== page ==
Tuesday, June 26, 2001

Pray for peace

A bit of a miracle took place when we were at Mass this Sunday. It's something I've long been hoping for, working for; something I never thought would really happen, but something that seemed the very best solution to a difficult situation.

My son fell asleep.

Now, as my father used to tell it, in the old days of the Catholic church, falling asleep would not be tolerated: A man with a long stick would come by and bop you on the head. Even now, the priest would probably not be happy to look out upon the congregation and see a sea of nodding noggins. But for my son, the loud boy, the wiggly boy, the boy who sings the hymns loudly after everybody else has stopped and jingles keys while everybody else is trying to pray, sleep was sweet. I don't think anybody within hearing distance begrudged him that.

All his life with us, his in-church behavior has mostly been a matter of fighting sleep. Thanks to sensory integration problems, he's a kid who has to move to stay alert, no two ways about it. Put him in an environment where movement and noise are not allowed, and he feels himself slipping away. I've tried to encourage that slipping, assure him that alertness is not a necessity, that indeed the majority of adults are not at their most alert during a long church service. I've tried to get him to stop fighting and sleep, but he's fought the good fight. This Sunday, he lost.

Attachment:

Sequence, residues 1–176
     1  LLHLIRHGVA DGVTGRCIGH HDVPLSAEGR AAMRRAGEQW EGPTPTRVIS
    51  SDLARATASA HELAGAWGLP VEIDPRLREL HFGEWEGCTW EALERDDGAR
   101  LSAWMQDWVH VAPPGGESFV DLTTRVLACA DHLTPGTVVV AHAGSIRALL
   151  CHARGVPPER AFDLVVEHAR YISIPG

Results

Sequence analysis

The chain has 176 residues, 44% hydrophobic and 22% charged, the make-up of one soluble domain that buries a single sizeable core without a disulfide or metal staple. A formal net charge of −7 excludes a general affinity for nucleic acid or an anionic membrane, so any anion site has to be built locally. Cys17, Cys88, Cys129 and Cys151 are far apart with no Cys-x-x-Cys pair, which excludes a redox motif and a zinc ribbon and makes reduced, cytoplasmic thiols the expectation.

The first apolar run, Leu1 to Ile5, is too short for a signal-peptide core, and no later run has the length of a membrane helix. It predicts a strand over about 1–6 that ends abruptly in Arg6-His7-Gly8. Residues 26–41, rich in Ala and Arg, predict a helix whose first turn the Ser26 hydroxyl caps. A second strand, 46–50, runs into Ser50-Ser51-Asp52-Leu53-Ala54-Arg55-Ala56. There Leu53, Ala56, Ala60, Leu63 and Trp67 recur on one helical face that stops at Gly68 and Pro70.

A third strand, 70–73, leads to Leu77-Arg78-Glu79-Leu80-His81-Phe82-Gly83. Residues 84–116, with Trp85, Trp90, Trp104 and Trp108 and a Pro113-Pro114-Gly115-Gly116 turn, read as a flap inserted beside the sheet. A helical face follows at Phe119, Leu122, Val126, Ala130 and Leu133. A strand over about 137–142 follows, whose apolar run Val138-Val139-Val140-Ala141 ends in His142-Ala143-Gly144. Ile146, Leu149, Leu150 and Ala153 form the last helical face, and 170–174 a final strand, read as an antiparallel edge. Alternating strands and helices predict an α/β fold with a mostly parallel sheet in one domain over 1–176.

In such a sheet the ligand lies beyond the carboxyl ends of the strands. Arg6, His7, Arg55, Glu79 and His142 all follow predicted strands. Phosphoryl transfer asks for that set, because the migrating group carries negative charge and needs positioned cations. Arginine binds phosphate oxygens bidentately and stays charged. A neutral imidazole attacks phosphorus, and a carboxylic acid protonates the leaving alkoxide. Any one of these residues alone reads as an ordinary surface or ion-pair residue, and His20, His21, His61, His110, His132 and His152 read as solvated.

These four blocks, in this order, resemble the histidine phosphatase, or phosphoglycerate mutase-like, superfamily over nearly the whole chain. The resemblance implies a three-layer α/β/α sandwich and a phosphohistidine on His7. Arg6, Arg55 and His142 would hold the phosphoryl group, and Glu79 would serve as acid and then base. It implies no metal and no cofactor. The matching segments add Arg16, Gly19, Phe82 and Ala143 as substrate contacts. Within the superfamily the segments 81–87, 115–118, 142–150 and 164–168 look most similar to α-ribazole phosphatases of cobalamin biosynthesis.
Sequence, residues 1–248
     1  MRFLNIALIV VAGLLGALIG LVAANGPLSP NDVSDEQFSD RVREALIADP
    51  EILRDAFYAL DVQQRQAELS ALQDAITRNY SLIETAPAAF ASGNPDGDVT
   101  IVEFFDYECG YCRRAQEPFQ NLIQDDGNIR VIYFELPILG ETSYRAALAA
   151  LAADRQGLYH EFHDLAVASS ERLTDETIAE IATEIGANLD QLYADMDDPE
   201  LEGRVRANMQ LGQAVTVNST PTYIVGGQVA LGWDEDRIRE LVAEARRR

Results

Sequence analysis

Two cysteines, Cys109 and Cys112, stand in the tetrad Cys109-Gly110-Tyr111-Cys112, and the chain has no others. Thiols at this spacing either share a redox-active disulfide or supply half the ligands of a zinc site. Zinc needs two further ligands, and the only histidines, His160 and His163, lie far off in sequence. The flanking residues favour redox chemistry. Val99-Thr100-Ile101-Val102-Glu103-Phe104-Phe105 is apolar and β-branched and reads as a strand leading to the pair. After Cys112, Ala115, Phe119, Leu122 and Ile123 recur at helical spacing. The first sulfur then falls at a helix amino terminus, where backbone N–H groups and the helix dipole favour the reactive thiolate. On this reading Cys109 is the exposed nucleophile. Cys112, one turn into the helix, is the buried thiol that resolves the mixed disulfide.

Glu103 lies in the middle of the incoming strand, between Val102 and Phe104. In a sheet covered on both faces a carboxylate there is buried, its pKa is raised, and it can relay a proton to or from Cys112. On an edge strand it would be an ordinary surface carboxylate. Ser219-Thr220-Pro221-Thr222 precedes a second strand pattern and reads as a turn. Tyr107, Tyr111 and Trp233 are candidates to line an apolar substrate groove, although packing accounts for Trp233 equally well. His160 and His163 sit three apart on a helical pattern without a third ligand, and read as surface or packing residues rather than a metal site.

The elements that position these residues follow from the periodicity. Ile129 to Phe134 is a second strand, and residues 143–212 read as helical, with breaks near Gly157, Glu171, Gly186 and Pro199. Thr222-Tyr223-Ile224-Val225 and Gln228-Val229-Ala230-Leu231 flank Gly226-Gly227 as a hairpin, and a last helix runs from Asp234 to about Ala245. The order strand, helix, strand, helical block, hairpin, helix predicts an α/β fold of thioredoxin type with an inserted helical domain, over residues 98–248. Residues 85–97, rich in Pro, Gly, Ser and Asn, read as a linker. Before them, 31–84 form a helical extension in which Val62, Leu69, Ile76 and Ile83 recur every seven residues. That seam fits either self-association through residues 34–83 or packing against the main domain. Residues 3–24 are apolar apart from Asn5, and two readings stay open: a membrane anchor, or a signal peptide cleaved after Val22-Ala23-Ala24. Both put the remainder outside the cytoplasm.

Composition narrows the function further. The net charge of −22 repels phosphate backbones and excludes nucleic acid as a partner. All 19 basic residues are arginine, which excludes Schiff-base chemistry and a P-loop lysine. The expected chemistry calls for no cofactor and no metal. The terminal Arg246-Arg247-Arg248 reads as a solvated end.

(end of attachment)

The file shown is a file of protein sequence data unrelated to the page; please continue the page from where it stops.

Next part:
And maybe I'm a bad mom to let him lose, too swayed by the harsh looks of worshipers disturbed by my boy's disruptive behavior. Especially now, when he's on the track toward First Communion next year, I should be encouraging him to participate in the Mass, stand up, sit down, say prayers, pay attention. I should do this even if it means everybody in a ten-pew radius has to listen to him talk and complain and scream and kick and rock and roll. But oh, just for the moment -- just let me enjoy the quiet and the peace. He's so peaceful when he's sleeping. Surely peace isn't an inappropriate thing to enjoy in church.

My hope, anyway, is that if we can make this sleeping a habit -- if he gets a little peace and quiet in church, too, and doesn't constantly experience it as an hour-long epic battle -- God's house will be a less stressful place for him. And if it's less stressful, he will be more calm even when he's awake. And eventually, as his religious education increases, his interest in the proceedings will, too. The formula works in other areas of his life: Less stress + more interest = better behavior.

That's what I'll be praying for, anyway, during those quiet, sleepy times.

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